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As a storyteller, I’ve become wary of engaging in excessive research.
Readers hear about the themes of my novels set in Afghanistan – women’s rights, illiteracy, charitable giving, provincial reconstruction, religious extremism – and immediately assume that I have devoted long hours to library and internet research. Certainly, after an idea for a novel pops into my head, I immerse myself in reading, observing, and exploring.
Much of my background reading is intended to confirm my passion for the topic and the willingness to spend the next 12 months or so drafting a story. I would estimate that only about a fifth of such notes and details make it to the final manuscript. I read news accounts from the country and examine photographs of villages, people, homes, tools and fields – not just online, but in old library books from decades ago, because years of memories and history, accomplishments and disruptions, have shaped these characters. Imagination reigns as I gather notes to prepare tables on my set of characters, some of whom do not make it to the manuscript.
I also study human nature, and as I read, I hunt for details that can contribute to relationships and conflicts. The stories of my characters are also woven with my memories: The exhilaration of my mother reading aloud, transforming a nightly fairy tale into heart-wrenching moments. The hints that my brother, sister and I might be a burden after her death. Summers spent on an uncle’s farm, running with cousins through fields and patches of woods. Sessions with students, adults and younger, who confided about their struggles to read. The confusion after a long wait in a clinic with a friend distraught over a pregnancy, and sensing a change of heart. Arguments with my son and fears for his safety as he set off on more than one ill-considered adventure.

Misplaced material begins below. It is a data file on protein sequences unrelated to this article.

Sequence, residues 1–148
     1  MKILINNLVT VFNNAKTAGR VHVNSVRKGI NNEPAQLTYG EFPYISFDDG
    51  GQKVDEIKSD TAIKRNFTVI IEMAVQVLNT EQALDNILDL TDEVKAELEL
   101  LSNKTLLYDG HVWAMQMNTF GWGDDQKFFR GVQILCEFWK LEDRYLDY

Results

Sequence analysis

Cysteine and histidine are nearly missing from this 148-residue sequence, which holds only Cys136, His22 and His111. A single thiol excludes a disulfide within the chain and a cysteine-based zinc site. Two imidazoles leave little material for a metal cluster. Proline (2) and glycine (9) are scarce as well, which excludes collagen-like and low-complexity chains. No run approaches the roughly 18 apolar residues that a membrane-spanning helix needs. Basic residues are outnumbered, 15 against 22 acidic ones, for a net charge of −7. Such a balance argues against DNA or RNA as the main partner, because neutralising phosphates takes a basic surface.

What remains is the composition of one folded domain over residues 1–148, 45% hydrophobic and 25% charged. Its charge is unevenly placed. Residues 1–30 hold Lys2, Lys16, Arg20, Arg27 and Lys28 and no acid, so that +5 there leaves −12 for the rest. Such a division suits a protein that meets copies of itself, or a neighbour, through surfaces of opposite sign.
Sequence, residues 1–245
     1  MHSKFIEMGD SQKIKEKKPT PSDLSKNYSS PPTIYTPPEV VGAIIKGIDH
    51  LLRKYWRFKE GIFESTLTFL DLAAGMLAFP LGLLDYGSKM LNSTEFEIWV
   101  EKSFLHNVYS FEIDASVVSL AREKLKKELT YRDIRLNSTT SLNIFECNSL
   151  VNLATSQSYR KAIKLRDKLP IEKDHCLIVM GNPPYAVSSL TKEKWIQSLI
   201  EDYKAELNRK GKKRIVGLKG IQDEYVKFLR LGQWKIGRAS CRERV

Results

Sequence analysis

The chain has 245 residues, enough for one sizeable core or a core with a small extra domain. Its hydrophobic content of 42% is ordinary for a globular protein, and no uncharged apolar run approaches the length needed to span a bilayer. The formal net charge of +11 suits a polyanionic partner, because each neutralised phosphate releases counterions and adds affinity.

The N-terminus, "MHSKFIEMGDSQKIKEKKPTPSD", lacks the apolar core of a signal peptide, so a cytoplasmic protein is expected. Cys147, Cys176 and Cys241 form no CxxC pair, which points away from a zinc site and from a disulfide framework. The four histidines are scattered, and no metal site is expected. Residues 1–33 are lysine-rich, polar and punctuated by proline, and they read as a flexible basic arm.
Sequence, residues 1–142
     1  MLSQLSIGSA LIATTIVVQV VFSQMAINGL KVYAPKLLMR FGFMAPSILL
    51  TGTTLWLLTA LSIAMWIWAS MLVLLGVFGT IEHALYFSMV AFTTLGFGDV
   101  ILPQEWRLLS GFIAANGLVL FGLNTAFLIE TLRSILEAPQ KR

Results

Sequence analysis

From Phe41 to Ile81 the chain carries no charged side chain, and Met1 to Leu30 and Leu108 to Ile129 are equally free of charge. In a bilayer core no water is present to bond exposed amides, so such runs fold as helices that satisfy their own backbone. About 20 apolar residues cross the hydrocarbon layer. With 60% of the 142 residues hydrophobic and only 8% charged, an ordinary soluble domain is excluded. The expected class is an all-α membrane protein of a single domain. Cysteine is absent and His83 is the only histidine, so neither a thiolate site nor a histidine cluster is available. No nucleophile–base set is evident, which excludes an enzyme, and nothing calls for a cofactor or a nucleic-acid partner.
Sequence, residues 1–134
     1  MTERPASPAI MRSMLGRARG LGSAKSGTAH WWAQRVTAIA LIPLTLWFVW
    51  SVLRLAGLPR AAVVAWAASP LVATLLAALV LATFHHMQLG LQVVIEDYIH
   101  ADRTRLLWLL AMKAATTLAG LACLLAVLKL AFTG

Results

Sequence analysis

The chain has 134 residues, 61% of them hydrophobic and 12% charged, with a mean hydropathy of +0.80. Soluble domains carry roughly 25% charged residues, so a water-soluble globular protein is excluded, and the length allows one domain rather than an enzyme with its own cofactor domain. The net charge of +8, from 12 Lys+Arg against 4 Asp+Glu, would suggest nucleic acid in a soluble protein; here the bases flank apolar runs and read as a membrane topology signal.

My research does not aim to provide a travelogue on Afghanistan, but rather prompt an examination of the comforts and opportunities in my country. How hard is it to maintain a garden without the easy flow of tap water? What is it like to cook a big meal over a wood fire? What does a family do in a home with no electricity or lights on a long winter night? What kind of girl would I have been without the ability to read? What secrets would I keep from my husband and family if I had to fear not sharing their religious beliefs?
My story is set in a fictional village. The characters are mostly illiterate; few have traveled far from home, and they resist the outside forces of change. As a writer, I respect these constraints and the perspectives that revolve around routines, control, secrecy and a lack of knowledge about the world at large let alone the specific policies of their own country. As a storyteller, I must strip away assumptions and imagine villagers’ conversations with their foreign visitors who may know more facts about Afghanistan but not the village’s many layers of feelings and relationships
Research confirms my passion for creating a story in a new setting with people who have endured so much hardship in recent decades. The research contributes to the characters’ motivations and helps satisfy my own curiosity about why children with minimal education mature so rapidly into adult roles, what kind of conflicts should be ignored and which demand a firm response, and how women might resist the bullying of extremists.
And once the story is down, in print, I rely on research skills, literally fact-checking the book’s details.
Don’t get me wrong, I relish research. The discovery process is more fun than work and does not interfere with the story I yearn to tell. Instead, imagination soars as I monitor my feelings while uncovering each new bit of information.
Susan Froetschel is the author of five mystery novels, including Allure of Deceit, set in Afghanistan and published in February by Seventh Street Books. The novel is about a remote village that is astounded to be regarded as recipients of charitable giving from groups based overseas. Her previous novel, Fear of Beauty, is about an Afghan woman desperate to learn how to read after the death of her oldest son. That book received the 2014 Youth Literature Award from the Middle East Outreach Council and was nominated for the 2014 Mary Higgins Clark Award. Since 2005, she has worked for YaleGlobal Online covering globalization defined as the interconnectedness of our world.
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